The conventional wisdom on retailing and clothing is that it's nearly impossible to gain a sustainable edge. As such, there is a large number of people who simply will not put their money into a clothing retailer, period. This is a phenomenal mistake. Not so much because the thesis isn't true -- because, by and large, it is. But "by and large" does not mean that no retailer can succeed over the long or intermediate terms, and it certainly doesn't mean that there are no opportunities in retail investing.

One of my favorite Motley Fool discussion board members focuses almost exclusively on retailing, and has done extremely well. His thesis is clear-cut: Retailing is one of the easiest business segments for the individual investor to understand. The transactions don't tend to be complicated, everyone has some experience with clothing (we hope!), and many people have some knowledge about which companies are doing well, and which are not.

Ever go to the mall and see that kids were pouring into (and out of) Abercrombie & Fitch (NYSE:ANF)? That's not necessarily enough information to determine whether it would be a good investment, but it's not a bad place to start. And a deserted shop at the mall is not likely to be a good harbinger, ever.

Some of the best investments of the last decade have come from retailing. And we're not talking about the Wal-Mart (NYSE:WMT) and Costco (NASDAQ:COST) kind of retailing, though both of these companies have been spectacular performers. Claire's (NYSE:CLE) made its mark offering fashion accessories to pre-teens, Hot Topic (NASDAQ:HOTT) by focusing on "music-influenced" apparel. You needn't like or even wear the stuff to recognize its popularity.

For Stocks 2004, LouAnn Lofton found a retailer by paying attention to her mom and her tastes. This chain focuses on providing fashions for middle-aged women -- roughly 35- to 55-year-olds. It currently has about 400 stores, largely concentrated within two states, but has aggressively sought to expand into other markets. That's a great opportunity for investors. You'd much rather find a company that has addressed just 20% of its potential market rather than one that already has expanded into 80% of its market.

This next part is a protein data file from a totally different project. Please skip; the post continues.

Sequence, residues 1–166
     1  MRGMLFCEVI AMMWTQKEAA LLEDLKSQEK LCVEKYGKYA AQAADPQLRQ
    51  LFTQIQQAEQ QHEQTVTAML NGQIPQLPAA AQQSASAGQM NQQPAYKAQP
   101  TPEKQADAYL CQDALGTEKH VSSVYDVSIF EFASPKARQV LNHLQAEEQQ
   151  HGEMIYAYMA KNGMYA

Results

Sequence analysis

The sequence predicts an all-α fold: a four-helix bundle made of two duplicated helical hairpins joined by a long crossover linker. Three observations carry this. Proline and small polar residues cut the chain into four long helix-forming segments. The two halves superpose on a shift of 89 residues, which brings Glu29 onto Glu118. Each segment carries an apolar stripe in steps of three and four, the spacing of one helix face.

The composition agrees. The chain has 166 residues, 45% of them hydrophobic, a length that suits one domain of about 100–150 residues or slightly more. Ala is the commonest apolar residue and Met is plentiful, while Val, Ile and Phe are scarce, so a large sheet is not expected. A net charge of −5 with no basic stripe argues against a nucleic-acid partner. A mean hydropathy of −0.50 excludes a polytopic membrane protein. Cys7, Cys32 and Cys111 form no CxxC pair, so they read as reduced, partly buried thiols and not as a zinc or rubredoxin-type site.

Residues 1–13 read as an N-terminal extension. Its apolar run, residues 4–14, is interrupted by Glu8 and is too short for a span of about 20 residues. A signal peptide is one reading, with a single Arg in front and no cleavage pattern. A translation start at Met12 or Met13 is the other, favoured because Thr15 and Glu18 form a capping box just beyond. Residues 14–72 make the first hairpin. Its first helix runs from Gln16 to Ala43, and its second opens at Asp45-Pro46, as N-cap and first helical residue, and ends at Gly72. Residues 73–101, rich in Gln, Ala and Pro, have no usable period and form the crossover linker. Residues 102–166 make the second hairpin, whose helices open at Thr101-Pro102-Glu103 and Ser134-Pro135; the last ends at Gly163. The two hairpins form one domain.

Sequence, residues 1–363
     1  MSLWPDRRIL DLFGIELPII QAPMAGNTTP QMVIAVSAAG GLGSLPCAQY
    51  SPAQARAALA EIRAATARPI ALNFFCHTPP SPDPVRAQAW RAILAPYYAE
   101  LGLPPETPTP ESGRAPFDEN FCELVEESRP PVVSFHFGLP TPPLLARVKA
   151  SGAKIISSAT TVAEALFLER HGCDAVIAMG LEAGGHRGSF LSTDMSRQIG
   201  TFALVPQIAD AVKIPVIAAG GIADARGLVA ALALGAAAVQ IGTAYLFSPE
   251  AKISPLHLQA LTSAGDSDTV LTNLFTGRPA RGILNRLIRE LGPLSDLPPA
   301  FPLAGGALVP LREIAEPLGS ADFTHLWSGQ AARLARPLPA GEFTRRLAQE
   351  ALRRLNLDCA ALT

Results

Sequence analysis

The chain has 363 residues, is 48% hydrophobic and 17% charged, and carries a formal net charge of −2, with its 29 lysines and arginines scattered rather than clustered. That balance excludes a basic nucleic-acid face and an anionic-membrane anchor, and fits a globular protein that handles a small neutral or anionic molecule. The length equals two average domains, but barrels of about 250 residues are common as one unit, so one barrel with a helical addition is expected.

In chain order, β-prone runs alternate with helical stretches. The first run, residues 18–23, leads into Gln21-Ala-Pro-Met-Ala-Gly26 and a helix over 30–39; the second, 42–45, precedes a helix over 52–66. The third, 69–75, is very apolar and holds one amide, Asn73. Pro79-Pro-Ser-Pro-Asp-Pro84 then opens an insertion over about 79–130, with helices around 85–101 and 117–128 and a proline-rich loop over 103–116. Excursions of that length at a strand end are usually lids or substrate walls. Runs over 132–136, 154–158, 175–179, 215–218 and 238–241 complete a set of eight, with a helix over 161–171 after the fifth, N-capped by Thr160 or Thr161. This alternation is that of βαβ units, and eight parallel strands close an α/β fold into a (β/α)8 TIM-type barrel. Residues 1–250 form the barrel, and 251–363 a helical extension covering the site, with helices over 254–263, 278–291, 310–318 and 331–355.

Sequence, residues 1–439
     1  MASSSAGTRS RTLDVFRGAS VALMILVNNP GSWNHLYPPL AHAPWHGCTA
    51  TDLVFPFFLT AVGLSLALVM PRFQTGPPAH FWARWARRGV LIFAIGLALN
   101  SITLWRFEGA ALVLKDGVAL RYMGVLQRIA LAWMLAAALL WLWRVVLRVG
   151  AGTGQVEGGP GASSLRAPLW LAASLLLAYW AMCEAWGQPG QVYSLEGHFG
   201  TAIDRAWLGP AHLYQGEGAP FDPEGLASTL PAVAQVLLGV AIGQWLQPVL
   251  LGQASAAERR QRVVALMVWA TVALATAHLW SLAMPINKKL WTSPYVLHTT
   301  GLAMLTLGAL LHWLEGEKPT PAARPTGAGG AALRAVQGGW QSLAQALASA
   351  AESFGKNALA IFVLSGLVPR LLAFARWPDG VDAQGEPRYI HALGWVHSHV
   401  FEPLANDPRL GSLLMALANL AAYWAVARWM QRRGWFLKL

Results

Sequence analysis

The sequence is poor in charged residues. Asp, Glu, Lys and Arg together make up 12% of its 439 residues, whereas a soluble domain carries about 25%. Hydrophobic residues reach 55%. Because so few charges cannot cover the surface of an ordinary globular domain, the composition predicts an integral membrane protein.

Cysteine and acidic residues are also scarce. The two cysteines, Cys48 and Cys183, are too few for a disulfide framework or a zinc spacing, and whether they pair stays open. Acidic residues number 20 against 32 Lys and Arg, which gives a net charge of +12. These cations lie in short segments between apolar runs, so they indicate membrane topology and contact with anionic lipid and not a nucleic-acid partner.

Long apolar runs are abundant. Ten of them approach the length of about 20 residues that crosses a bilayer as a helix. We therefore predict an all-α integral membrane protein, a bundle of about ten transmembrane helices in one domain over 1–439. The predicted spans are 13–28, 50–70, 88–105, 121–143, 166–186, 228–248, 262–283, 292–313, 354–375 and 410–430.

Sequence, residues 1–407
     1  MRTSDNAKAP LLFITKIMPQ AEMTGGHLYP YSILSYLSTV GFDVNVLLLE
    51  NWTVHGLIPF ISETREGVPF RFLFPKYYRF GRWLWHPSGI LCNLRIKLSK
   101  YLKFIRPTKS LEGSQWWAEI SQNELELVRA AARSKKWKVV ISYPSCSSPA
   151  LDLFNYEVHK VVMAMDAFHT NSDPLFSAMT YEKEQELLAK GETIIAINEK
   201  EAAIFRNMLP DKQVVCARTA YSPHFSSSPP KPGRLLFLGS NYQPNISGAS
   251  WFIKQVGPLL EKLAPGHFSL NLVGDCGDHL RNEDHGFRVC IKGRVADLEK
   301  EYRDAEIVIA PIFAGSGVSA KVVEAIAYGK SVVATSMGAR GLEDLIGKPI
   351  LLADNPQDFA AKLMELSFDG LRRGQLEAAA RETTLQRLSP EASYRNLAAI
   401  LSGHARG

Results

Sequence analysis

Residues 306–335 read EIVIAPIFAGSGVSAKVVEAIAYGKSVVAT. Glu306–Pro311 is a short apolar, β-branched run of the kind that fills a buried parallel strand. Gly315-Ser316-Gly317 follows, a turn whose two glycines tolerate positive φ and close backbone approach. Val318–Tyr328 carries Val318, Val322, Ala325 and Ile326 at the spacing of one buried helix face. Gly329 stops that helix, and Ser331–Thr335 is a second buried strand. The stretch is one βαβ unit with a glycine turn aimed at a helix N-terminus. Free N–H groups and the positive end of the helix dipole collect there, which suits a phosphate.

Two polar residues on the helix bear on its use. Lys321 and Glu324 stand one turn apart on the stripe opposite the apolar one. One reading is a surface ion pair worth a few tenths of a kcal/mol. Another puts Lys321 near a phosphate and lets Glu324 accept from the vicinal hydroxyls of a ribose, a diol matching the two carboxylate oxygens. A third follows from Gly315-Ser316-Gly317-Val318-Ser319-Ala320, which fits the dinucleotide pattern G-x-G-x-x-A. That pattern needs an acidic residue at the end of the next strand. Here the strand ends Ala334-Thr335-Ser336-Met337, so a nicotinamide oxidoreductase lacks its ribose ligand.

The demographic we're looking at here is highly coveted. TJX (NYSE:TJX) lives and breathes serving this group, for example, even though its offerings span much wider. So a retail company must remain careful, aggressive, and clever at the same time to have much impact.

This company's efforts to develop loyal customers is phenomenal, and speaks of its ability to gain traction in new markets. It offers a membership program that gives loyal customers first crack at new inventory, special sales, and information about upcoming trends. The more customers spend over time, the better the deals they receive. That keeps folks coming back. Certainly it's a program that others will copy, but they'll have a difficult time prying this particular loyal base away from these shops.

It's still early in the year. Come take a look at some of the great ideas our crack analysts have come up with in Stocks 2004.

Bill Mann is the editor of Stocks 2004 . He owns none of the companies mentioned in this story.